The cult mob show The Sopranos ended 13 years ago with an inconclusive cut to black. Jonathan Dean learns that wasn't quite the end of the story.
In May 2012, after the funeral for the mother of their former colleague Steve Van Zandt, some VIPs from The Sopranos went for dinner. Five years on from the series finale, they were still friends. Van Zandt was Silvio Dante in the show and joining him were James Gandolfini, who played the lead, Tony Soprano; Vincent Pastore, whose character was nicknamed Big Pussy; and David Chase, the man behind the masterpiece that changed television.
Round the table the chatter moved on to a new Chase project, one with special relevance to fans of the series who had fiercely chewed over the meaning of its ending. When the screen just went blank, was it a sign of Tony's death or, rather, a purgatory of uncertainty?
"People ask, 'Why did David end it like that'?" says Pastore. It's eight years later, just before travel was restricted last month, and he is chomping on a salad in the White Horse Tavern in New York, where Dylan Thomas drank too much, dying days later. Pastore's Big Pussy was the FBI rat killed at the end of series two. "Well, David didn't know what he wanted to do," the actor continues. "That's why he went blank with the screen, and also Jimmy wanted a break. Everyone did. But they were talking about doing a movie and coming back with Jimmy, because, at that dinner, David said to me, 'So, when do you want to come back to work'?"
"Anyway," says Pastore, who is fantastic company — a big, booming man and a constant riot of anecdote — "Jimmy said he had this thing he had to get done, then we'd get back. And he looked at me, right in the face, looked at David, and said, 'And you'd better bring Vinny back.' He said he'd figured it out. What they were going to do was say it was a dream that I died and that I was in witness protection. [In Pussy's final episode] Tony was sick and dreaming a lot, so it could have been a dream. So, yes, we were going to make a big movie. But, a year later, Jimmy passed away. So that was that out the window."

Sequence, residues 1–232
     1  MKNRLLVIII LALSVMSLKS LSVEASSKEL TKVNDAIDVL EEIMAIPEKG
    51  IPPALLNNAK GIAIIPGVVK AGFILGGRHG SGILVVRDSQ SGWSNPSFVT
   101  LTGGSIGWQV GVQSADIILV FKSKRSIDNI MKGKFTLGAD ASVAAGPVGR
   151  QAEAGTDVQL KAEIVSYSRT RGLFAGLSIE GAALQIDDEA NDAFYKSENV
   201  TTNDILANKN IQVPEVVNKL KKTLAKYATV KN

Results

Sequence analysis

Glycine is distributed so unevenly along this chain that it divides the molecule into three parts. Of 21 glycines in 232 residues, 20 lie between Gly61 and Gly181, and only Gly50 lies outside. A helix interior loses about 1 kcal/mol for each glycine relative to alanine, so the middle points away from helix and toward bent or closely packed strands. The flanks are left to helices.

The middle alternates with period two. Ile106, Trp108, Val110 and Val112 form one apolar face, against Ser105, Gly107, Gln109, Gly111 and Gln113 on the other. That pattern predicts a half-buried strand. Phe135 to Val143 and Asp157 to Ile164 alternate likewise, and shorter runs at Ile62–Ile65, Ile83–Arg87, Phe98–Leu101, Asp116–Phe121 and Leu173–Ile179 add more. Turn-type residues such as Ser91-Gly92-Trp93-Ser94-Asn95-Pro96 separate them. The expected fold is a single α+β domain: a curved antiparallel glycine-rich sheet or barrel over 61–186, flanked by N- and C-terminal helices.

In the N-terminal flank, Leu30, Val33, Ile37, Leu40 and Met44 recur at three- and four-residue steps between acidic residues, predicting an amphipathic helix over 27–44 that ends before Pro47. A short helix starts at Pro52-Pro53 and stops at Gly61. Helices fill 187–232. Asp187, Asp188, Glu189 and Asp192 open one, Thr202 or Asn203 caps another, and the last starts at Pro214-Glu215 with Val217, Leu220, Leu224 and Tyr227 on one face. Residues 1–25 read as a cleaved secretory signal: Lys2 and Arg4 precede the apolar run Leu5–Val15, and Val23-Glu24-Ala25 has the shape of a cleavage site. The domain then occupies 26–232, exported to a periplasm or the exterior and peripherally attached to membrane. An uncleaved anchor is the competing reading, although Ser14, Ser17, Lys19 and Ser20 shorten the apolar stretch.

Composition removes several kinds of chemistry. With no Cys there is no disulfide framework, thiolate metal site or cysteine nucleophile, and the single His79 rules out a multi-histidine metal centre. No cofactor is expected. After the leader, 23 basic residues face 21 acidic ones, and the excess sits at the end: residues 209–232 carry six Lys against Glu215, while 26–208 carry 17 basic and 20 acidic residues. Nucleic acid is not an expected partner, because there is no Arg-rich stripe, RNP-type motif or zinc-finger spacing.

Somebody at a different table dares to breathe. If you are in the same pub as Pastore, it is impossible not to hang on every word. The way he tells it, not only did Tony survive, but there was going to be a movie of The Sopranos after the events of 2007. This is striking, given that Chase has spent 13 years pleading ambiguity. "If I was going to tell you that, I would have told you," is Chase's stance.
"But I was sitting there that night and heard that conversation," Pastore insists. He was close to Gandolfini. "He could've been as big as Brando," he says, sighing.
Over the past weeks, when people ask what to watch or, indeed, rewatch on lockdown, a top suggestion has been The Sopranos. Nothing from the golden era of TV is held in similar esteem. On the first viewing you are gripped by the plot. On the second what stands out is the humour, which is surprisingly surreal. The number of fans watching its 85 hours again is growing, and not because they have run out of things to do.
The appetite for more can't be sated. This autumn there is a film, The Many Saints of Newark, a prequel starring Gandolfini's son, Michael, as a young Tony. Next month three cast members — including Pastore — were set to host talks at the London Palladium that will probably be postponed. But the other two actors on the tour, Michael Imperioli, who played Tony's nephew Christopher Moltisanti, and Steve Schirripa, who was Tony's latter-day right-hand man, brother-in-law Bobby Baccalieri Jr, are recording a podcast that will look at the series episode by episode. Over two days in New York I speak to all three.